Trial by Fire for Ecuador’s President Correa
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Marilyn; I’m always impressed at how universally informed you are. Thanks for being so because it keeps me on my toes!
Correa is nothing if not an enigma. There can be no doubt that he has raised more people, especially the large indigenous population, out of poverty and brought, some say more than a million people, into the middle class. And yet it is the middle class, even more than the privileged who are now solidly against him. And they have strong reasons for feeling so.
Just one example, removing the federal contribution of 40% to social security, has galvanized huge numbers of opponents. And there are many other issues just as dramatic which have moved his approval numbers downward. So while overall quality of life has markedly gone up, many feel that he has mortgaged the future of the country to achieve results now.
In about 10 days I’m flying to the Galapagos for several weeks and I hope to find time among swimming with sharks and sealions, walking amongst throngs of iguanas (both land and sea species), racing tortoises, and other delights, to actually sit down and post a ground view account of pro and anti Correa sentiment. That’s of course when I’m not busy posting about my jungle trek 😉
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Thanks to you and Marilyn for shedding some light on the political situation there. When you mentioned the work stoppages recently I looked for info via google and from that gathered that estate tax increases motivated the strikers as I found no mention of any other issues. I was wondering exactly who other than plutocrats would withhold labor and service over this issue. Now I’m wondering how Correa the Bolivarian came to this position vis a vis social security. Friedman is smiling in his grave.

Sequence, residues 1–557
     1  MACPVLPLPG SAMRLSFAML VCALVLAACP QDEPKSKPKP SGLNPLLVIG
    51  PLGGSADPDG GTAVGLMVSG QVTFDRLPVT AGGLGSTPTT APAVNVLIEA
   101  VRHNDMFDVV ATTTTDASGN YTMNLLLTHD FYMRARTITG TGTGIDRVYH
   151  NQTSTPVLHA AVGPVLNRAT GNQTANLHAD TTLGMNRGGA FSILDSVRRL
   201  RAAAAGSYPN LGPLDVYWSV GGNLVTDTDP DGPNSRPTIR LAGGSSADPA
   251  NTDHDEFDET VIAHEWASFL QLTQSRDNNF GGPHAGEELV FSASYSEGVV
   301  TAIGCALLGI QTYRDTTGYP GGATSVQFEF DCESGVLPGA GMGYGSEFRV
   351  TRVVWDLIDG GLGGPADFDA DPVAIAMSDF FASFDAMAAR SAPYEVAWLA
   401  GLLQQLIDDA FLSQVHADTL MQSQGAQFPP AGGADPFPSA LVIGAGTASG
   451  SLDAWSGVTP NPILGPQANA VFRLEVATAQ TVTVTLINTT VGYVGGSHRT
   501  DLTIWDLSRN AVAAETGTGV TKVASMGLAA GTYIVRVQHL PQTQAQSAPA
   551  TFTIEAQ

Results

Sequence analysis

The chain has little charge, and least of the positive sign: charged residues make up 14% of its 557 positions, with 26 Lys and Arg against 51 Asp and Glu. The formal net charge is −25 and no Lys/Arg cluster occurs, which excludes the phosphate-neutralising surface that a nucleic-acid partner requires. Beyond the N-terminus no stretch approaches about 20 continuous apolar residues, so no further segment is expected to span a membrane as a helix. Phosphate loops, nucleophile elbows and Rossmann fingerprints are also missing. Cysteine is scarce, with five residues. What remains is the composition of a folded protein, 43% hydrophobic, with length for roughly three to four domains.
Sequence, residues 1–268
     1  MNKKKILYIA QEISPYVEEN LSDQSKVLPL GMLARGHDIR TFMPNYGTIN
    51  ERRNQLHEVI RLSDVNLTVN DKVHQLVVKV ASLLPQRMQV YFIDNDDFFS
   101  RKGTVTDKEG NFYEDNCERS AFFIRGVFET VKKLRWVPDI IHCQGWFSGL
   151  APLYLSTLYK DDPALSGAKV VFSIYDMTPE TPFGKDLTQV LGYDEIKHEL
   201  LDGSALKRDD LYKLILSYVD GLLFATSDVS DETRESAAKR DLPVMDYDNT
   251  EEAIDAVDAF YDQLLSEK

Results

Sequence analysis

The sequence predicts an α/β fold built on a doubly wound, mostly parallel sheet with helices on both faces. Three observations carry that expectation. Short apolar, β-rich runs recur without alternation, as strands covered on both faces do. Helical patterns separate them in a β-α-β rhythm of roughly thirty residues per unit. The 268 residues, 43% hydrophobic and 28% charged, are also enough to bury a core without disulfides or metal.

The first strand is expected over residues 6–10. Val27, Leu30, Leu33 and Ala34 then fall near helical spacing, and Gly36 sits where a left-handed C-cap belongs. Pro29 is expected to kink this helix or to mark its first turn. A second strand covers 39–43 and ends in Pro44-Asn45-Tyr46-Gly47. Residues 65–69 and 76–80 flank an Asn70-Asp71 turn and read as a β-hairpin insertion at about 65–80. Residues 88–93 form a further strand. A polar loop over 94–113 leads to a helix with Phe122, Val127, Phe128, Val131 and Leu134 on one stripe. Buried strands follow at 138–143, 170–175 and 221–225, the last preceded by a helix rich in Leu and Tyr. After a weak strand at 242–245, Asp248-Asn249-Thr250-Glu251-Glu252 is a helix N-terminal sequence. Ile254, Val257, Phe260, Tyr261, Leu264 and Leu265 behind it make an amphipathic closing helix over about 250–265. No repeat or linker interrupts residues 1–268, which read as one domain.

I’ve bookmarked Counterpunch (altho they did not mention the SS issue). Any other good infosites you would recommend Marilyn?
Looking forward to Galapagos post(s). Once again you are rendering fantasy real.
Actually my favorite site at the moment is the blog http://www.moonofalabama.org/ Not sure just who is the main voice on this site but they do a great job of seeing all sides of the propaganda on Ukraine, ISIS, Yemen etc. I think I check it first almost every day. My next favorite is naked capitalism http://www.nakedcapitalism.com/ Although heavy on economic issues they also link from many sources and thru this site I have found quite a few blogs that I now regularly check. Another great analyst is Pepe Escobar at Asia Times http://atimes.com/category/empire-of-chaos/ Pepe focuses on central asia and has also closely followed whats happening with China and Russia and the new silk road. Patrick Cockburn, who writes for the Independent in England is the go to guy for all things middle east as he has been covering it for over 30 years. Here is his latest article –
Anyway, hope you might find something of interest here as well. The more informed we become the less we are fooled. 🙂
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Thanks for these referrals Marilyn.